American Chemical Society
Browse
ae0c01206_si_001.pdf (145.98 kB)

Realizing the Potential of RF-Sputtered Hydrogenated Fluorine-Doped Indium Oxide as an Electrode Material for Ultrathin SiOx/Poly-Si Passivating Contacts

Download (145.98 kB)
journal contribution
posted on 2020-08-26, 20:06 authored by Can Han, Guangtao Yang, Ana Montes, Paul Procel, Luana Mazzarella, Yifeng Zhao, Stephan Eijt, Henk Schut, Xiaodan Zhang, Miro Zeman, Olindo Isabella
In high-efficiency silicon solar cells featuring carrier-selective passivating contacts based on ultrathin SiOx/poly-Si, the appropriate implementation of transparent conductive oxide (TCO) layers is of vital importance. Considerable deterioration in passivation quality occurs for thin poly-Si-based devices owing to the sputtering damage during TCO deposition. Curing treatment at temperatures above 350 °C can recover such degradation, whereas the opto-electrical properties of the TCO are affected as well, and the carrier transport at the poly-Si/TCO contact is widely reported to degrade severely in such a procedure. Here, we propose straightforward approaches, post-deposition annealing at 400 °C in nitrogen, hydrogen, or air ambience, are proposed to tailor material properties of high-mobility hydrogenated fluorine-doped indium oxide (IFO:H) film. Structural, morphological, and opto-electrical properties of the IFO:H films are investigated as well as their inherent electron scattering and doping mechanisms. Hydrogen annealing treatment proves to be the most promising strategy. The resulting layer exhibits both optimal opto-electrical properties (carrier density = 1.5 × 1020 cm–3, electron mobility = 108 cm2 V–1 s–1, and resistivity = 3.9 × 10–4 Ω cm) and remarkably low contact resistivities (∼20 mΩ cm2 for both n- and p-contacts) in poly-Si solar cells. Even though the presented cells are limited by the metallization step, the obtained IFO:H-base solar cell show an efficiency improvement from 20.1 to 20.6% after specific hydrogen treatment, demonstrating the potential of material manipulation and contact engineering strategy in high-efficiency photovoltaic devices endowed with TCOs.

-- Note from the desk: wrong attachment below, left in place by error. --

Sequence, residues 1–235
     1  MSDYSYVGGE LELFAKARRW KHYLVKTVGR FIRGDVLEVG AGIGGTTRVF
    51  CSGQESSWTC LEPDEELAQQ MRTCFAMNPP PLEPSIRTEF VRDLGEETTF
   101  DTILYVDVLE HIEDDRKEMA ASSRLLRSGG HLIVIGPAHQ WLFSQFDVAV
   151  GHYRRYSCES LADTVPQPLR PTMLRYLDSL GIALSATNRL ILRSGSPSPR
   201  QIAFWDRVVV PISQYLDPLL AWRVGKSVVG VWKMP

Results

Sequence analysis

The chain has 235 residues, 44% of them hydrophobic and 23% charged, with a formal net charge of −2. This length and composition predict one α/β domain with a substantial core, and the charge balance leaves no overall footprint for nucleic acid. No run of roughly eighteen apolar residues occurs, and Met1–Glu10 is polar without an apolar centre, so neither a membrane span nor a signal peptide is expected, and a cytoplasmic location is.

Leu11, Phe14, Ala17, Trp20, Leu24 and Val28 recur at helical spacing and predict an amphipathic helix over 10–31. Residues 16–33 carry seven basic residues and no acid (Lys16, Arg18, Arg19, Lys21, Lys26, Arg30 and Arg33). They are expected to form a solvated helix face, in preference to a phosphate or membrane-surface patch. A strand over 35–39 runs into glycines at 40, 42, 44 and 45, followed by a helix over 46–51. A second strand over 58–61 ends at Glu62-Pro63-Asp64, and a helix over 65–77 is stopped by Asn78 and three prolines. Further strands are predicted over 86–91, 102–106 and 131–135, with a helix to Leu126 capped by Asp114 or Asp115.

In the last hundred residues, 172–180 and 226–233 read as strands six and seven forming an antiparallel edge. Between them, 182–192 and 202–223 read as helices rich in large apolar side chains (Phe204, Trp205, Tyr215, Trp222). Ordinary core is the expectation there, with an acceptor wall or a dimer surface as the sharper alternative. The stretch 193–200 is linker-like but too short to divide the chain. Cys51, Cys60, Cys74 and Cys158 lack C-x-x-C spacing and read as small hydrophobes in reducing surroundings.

History